The single most consistent theme we were asked to help clients with last year? - Being able to communicate and work effectively together.
In other words, navigating the different working styles of colleagues and the clashes that occur when these are misaligned. Underestimate the significance and impact of this at your peril!
Start-ups, scale-ups, decades old established businesses, global retail brands you name it - they suffer from it.
Your ability to communicate with others will account for fully 85% of your success in your business and in your life. Brian Tracy - Best selling author
Often when starting a business or forming a new team we seek out people we know to join us. Our underlying assumption is that because these are people we know, have maybe worked with before, or they do similar stuff to us that when we come together to collaborate on something new and exciting the drive, motivation, speed, quality will match ours.
Alternatively, when joining a new organisation or team of unfamiliar faces we make assumptions that we will quickly fit in with our like minded new colleagues. However, one of the biggest challenges is figuring out how our new peers work. Most likely this will be different to our own.
Whilst there’s a tonne of evidence that diversity of thought is a positive thing, when colleagues act and communicate in a way at odds with what you hope for it's difficult, awkward and slow to navigate through. Not being able to find common ground has a negative effect, reducing motivation and employee engagement.
Common symptoms we’ve observed include:
Slow decision making - difference of opinion or a lack of understanding (and not articulating it, or accept other ideas without judgement) causes unnecessary delays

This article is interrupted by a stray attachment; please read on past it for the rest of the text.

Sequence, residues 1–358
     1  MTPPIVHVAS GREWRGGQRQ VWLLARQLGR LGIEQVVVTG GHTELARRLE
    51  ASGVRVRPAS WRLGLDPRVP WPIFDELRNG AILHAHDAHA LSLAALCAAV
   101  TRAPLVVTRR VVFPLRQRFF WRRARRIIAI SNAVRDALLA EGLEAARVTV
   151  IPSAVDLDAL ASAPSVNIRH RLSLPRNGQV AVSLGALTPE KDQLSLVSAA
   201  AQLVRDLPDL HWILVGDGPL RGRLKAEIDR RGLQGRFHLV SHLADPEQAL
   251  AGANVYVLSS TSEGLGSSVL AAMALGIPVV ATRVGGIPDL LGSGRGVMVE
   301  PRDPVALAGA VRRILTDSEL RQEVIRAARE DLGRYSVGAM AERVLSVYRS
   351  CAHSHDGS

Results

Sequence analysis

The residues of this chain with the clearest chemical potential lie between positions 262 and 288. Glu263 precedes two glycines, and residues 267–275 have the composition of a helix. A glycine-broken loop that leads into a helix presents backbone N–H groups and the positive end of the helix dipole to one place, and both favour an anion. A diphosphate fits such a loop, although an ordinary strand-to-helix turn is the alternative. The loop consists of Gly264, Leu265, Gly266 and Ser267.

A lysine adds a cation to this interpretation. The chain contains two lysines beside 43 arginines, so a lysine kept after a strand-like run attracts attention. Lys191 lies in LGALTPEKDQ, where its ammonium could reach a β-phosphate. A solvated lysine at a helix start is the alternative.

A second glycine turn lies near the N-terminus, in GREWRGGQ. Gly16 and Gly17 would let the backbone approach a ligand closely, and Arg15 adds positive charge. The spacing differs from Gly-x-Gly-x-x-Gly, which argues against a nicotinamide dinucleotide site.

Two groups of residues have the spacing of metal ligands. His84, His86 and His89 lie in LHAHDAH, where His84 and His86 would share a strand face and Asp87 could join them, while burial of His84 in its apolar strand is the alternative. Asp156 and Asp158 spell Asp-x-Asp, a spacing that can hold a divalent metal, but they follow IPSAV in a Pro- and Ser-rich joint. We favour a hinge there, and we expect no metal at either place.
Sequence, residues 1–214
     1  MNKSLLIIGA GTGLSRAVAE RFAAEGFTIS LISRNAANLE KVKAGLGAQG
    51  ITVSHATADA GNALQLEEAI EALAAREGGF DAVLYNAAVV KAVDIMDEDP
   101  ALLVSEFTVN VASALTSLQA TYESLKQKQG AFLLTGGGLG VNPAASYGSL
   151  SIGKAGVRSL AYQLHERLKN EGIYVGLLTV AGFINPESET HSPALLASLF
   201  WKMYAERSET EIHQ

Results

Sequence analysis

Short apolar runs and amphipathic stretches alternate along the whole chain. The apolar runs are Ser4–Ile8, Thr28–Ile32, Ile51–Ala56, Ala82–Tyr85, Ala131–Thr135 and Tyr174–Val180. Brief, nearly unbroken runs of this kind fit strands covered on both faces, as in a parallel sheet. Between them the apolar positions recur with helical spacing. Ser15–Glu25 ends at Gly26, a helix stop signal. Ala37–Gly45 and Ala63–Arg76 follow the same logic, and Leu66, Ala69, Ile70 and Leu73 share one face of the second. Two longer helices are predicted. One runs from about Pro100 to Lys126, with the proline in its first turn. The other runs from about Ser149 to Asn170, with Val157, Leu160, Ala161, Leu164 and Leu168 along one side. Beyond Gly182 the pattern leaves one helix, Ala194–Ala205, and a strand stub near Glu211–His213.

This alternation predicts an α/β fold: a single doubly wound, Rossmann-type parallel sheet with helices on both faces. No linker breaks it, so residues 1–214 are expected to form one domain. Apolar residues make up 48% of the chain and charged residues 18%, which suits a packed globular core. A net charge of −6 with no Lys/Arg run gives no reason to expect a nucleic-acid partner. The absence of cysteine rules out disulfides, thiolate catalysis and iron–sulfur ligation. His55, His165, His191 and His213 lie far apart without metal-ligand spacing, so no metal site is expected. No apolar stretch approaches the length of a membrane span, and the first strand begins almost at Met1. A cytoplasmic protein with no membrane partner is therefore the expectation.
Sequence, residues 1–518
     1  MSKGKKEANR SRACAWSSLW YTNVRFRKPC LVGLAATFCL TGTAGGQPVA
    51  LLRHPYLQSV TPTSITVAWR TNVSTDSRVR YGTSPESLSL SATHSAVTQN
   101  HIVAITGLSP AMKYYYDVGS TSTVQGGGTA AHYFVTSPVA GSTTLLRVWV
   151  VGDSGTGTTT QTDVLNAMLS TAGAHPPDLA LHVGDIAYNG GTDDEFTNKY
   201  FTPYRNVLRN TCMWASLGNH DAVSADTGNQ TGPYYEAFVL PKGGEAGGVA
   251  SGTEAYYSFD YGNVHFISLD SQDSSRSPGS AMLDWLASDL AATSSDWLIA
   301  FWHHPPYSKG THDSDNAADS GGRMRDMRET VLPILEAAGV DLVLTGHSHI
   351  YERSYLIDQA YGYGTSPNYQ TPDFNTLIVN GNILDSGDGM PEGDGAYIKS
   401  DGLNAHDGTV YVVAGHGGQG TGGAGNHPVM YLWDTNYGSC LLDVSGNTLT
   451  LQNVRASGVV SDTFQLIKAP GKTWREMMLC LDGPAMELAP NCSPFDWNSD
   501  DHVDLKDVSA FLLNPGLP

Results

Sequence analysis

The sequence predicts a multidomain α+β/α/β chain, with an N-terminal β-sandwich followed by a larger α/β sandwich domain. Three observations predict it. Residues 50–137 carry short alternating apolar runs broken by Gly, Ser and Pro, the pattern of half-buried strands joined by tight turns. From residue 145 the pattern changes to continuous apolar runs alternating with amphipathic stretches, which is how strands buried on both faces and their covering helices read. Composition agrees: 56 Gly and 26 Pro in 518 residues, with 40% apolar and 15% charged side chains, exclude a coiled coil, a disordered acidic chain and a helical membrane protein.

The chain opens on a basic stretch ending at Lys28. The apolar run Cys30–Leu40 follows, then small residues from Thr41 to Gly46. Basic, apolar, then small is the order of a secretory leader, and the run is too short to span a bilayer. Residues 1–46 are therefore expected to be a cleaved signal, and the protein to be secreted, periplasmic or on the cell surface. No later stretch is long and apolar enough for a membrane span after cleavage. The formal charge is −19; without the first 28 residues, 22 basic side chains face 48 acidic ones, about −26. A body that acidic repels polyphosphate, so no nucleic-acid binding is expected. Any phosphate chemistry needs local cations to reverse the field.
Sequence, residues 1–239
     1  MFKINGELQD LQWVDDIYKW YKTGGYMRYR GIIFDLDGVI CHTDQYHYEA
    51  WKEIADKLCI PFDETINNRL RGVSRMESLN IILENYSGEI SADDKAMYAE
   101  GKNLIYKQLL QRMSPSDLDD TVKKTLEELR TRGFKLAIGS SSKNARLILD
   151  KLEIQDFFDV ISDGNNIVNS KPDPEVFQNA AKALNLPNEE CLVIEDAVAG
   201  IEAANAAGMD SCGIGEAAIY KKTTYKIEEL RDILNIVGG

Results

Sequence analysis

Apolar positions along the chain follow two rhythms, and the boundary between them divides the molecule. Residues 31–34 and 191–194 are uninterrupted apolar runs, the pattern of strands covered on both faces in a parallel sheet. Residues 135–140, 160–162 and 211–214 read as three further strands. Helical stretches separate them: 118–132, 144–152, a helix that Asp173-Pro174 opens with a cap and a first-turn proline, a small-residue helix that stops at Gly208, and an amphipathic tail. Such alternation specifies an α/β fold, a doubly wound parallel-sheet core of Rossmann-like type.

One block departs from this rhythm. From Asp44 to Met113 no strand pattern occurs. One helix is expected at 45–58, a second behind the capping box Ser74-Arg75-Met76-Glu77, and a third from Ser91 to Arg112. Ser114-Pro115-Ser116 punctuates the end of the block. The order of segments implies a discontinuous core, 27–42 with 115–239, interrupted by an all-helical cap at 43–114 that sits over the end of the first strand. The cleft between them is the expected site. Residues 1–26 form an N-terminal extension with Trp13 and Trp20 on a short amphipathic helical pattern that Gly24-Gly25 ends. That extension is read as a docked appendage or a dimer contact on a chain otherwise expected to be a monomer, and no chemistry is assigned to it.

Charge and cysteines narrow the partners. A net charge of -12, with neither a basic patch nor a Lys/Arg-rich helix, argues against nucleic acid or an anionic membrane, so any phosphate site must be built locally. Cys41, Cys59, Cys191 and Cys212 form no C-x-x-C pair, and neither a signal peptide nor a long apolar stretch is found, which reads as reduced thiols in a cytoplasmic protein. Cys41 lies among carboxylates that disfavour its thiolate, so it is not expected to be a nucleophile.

Conflicting priorities / difference in urgency - some are keen to get this thing done immediately, others think it should wait
Quality vs speed - taking time to improve the quality of work vs. a focus on getting something out the door to test and get early feedback
When considering the different working styles that exist in your team or organisation, there are loads of different models designed to help us understand ourselves and each other by putting us in boxes and giving us labels. But in reality humans act based on a combination of our established patterns of behaviours, the situation at hand and our relationship with the other person.
All models are wrong, but some are useful. George Box - British statistician 1919 - 2013
Given it's such a common and widespread challenge, here’s our 3 top tips:
Tip 1 - Gain self awareness of your own working style and share what you learn.
Doing some honest personal reflection, accepting what you find and then being vulnerable and sharing this - that's leadership. The personal user manual is our go-to tool to help you understand and articulate this.
How does it help? - Increasing empathy and compassion for one another at a neurological level. Encouraging more open conversations. Showing a willingness to be pro-active and move things towards something better.